During my time on the Farallones, I saw only one bull from a distance. This was one of the first days that I arrived in March, and after that I never got to see another adult male. This was because during this time, the males had returned to the open ocean to forage and feed, and wouldn’t return to land again until late in the fall to set up territories and breed. While the females and young are on a different molt/feed schedule (one of the mammalogists told me it was like the males and females are two different species with such different natural histories) and were present on-island the whole time I was there (although in changing number). Males are intensely competitive and aggressive towards eachother, and a single successful dominant male (“beachmaster”) will mate with up to 50 females on his stretch of beach.

These animals are truly fascinating, one of my favorite “weirdos” out there.

Their use of the Farallones attracts the presence of another animal – one that preys on these huge, blubber (read: energy) filled animals – the white shark. But thats another story…


Great White Shark – photo via Creative Commons

Northern Fur Seal (Callorhinus ursinus)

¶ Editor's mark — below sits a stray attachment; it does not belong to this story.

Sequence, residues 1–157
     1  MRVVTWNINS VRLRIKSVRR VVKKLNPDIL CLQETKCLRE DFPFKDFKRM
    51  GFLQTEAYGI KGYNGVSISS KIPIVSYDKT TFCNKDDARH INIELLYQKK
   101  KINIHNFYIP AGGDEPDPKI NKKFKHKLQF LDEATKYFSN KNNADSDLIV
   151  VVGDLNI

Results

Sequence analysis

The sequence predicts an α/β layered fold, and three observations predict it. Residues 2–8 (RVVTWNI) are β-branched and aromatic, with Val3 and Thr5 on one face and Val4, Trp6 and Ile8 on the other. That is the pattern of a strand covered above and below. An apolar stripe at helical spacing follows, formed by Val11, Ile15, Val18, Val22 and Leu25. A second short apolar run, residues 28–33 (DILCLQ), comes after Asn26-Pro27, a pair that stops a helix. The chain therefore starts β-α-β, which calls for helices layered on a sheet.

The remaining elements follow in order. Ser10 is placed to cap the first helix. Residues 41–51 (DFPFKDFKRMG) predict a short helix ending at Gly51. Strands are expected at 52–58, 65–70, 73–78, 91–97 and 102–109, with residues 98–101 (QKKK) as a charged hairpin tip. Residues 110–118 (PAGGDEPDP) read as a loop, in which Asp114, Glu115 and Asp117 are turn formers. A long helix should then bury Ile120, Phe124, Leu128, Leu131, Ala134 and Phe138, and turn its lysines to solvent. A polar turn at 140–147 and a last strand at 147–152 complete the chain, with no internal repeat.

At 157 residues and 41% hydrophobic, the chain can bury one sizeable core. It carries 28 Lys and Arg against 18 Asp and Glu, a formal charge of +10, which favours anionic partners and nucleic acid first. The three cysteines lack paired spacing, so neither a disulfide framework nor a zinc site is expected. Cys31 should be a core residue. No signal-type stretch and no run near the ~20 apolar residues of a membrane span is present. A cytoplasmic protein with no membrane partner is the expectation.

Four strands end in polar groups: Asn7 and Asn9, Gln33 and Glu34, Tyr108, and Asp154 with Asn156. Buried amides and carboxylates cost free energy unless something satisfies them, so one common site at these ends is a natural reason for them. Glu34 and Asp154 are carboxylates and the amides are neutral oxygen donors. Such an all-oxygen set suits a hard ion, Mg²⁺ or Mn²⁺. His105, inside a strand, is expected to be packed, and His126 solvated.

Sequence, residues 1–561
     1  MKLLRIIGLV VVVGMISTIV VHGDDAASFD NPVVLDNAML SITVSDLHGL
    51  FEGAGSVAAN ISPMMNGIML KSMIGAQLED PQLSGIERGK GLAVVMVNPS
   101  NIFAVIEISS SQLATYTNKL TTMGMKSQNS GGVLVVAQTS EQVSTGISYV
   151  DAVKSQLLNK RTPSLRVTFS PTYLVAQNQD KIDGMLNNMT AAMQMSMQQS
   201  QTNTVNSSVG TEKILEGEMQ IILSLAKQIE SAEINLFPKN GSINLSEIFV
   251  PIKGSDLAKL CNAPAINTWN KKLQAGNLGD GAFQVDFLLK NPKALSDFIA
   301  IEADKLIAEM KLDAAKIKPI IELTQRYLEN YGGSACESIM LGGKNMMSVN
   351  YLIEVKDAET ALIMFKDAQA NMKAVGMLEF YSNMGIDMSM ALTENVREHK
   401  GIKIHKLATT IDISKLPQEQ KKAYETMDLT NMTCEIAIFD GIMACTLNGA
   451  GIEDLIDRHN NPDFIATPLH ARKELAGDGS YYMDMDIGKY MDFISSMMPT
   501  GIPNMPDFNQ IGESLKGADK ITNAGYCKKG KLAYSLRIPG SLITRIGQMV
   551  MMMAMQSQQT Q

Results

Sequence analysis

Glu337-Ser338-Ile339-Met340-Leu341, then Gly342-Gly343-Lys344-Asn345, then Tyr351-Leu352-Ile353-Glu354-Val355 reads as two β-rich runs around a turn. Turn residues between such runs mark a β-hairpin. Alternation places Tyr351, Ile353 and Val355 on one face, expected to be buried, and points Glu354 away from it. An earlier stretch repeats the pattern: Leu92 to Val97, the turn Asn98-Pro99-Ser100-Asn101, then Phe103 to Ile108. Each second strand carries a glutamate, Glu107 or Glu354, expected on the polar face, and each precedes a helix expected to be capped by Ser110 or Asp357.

The story of the Fur Seal on the Farallones is a story of near-extinction, but with a happy ending currently playing out in a rapidly rebounding population.

The species likely once dominated the Farallones but due to relentless hunting (by the fur industry) cause the population to all but disappear in the early 19th century.


Fur seals are actually eared seals, in the same family as sea lions. They evolved such dense fur (up to 300,000 furs per square inch) as they lack a thick blubber layer to keep them warm in the chilly waters of the Pacific. This allows them to spend most of their lives at sea apart from their breeding/pupping season. It was this dense fur the American fur hunters targeted during hunting efforts starting in 1807. Up to 150,000 fur seals were killed in a five-year period, and this was later compounded as Russian hunters got in on the action. For 150 years, fur seals were completely absent from the Farallones. In 1911, some protection was afforded them by the International North Pacific Fur Seal Treaty, and their population was allowed some growth. It wasn’t until 1966 that the first fur seal (since the 19th century) was pupped on the Farallones. Today fur seals are classified as “Vulnerable” and populations remain smaller than historic levels, from the Pribilof Islands of the Bering Sea (Alaska) all the way to their southernmost extent in the Farallon Islands of California.